Over, Under, Through

In about ten seconds, often less, she became the person she portrayed.

My favorite design work for 2011? An unfair call: the San Diego Botanic Garden is one of the Seven Wonders of San Diego County. The La Jolla Playhouse “staged” David Leddy’s Susurrus as a walking tour of the garden: vegetation from all over the world, waterfalls, soft ocean breezes (a “susurrus” is wind whistling through trees), and a story that unfolded like different versions of A Midsummer Night’s Dream in this pastoral setting.

The behind-the-scenes news of 2011: Louis Spisto stepped down as CEO of the Old Globe Theatre. As a fundraiser, Spisto had few peers. The Globe’s physical plant was much improved during his tenure.

As a selector of plays, Spisto favored safe, pretested, almost wholly commercial fare (August: Osage County being a huge exception). And world-premiere musicals were another matter. They arrived here hype-first: just one small step from Broadway. But most were, at best, about half-thought-out — Whisper House, First Wives’ Club, the recent Some Lovers (with a Burt Bacharach score but no book) — and left in no better shape. Some suffered drastic changes during rehearsals: Rocky Horror and Whisper House lost key personnel, including the original directors.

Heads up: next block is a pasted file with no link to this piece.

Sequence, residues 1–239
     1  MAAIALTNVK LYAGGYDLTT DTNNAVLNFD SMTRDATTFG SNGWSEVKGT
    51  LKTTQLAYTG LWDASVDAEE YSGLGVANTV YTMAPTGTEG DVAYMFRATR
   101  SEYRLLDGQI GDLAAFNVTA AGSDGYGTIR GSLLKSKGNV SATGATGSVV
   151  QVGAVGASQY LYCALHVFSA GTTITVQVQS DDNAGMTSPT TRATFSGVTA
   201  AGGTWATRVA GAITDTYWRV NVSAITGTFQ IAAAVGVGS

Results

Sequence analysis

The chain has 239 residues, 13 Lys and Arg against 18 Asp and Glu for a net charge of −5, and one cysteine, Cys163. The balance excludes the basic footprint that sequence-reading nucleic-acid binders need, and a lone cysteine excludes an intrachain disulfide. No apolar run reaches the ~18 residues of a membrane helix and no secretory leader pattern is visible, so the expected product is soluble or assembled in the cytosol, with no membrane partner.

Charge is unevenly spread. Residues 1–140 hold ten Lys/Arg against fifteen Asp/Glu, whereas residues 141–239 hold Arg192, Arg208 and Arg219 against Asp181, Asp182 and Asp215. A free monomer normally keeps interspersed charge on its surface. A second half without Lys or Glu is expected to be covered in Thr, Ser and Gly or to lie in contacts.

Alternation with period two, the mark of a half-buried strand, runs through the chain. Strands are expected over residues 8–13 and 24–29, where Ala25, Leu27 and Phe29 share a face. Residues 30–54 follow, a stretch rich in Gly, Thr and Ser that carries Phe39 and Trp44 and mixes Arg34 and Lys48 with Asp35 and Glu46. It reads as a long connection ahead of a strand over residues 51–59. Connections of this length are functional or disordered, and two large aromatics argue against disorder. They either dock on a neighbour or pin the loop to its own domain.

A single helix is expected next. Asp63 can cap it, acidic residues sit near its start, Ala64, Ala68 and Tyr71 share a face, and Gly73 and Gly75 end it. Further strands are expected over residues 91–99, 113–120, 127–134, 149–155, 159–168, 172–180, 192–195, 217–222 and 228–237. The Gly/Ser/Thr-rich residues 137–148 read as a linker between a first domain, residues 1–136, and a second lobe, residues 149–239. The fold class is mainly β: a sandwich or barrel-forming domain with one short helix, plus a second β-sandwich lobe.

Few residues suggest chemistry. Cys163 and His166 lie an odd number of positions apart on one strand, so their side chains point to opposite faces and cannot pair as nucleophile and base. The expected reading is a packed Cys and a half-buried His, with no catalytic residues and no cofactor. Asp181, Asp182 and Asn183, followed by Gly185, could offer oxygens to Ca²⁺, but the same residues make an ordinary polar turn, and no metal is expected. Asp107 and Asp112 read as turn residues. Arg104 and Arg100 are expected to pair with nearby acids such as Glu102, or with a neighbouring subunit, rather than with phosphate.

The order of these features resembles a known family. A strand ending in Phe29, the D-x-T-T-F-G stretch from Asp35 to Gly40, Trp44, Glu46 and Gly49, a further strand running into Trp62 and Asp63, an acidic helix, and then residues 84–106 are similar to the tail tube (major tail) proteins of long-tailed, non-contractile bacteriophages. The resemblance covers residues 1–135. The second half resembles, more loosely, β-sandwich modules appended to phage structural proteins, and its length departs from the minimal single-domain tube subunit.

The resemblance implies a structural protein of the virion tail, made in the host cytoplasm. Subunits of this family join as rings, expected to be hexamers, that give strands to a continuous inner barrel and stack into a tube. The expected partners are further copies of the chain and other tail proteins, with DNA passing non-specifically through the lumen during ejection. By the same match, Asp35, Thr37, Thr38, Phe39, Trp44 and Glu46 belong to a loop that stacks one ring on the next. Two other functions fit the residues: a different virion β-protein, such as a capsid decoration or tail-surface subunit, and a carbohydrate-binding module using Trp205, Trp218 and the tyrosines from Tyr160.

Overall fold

The Old Globe Theatre needs an artistic director, not a CEO, making artistic decisions. And it needs to be purged of the Broadway-bound fever that has infected it for years and brought in so many half-baked projects. We are here. We are not a stepping stone. Speak to us.

Years ago, when the fever first appeared, Craig Noel, the father of San Diego theater, was puzzled by all the talk of this or that show headed for Broadway and names in lights. Forget all that, I heard him say. “Just do good work.” ■

Comments

And why did Mr. Smith never have the courage to speak his piece about the Globe's leadership before so much damage was done? Mr. Spisto's lack of qualifications for making artistic decisions (both short term, and - more disastrously - long term) was certainly no secret in the SD theatre community; it was openly discussed on many occasions. Nor was Mr. Noel's dismay at the theatre's artistic aimlessness unknown to a wide circle that included not only close friends but many professional colleagues who did not know him personally as well. Mr. Smith, you might have done your community an important service by raising these topics for serious discussion in your pages. Why did you fail to do so? What, or whom, were you scared of?

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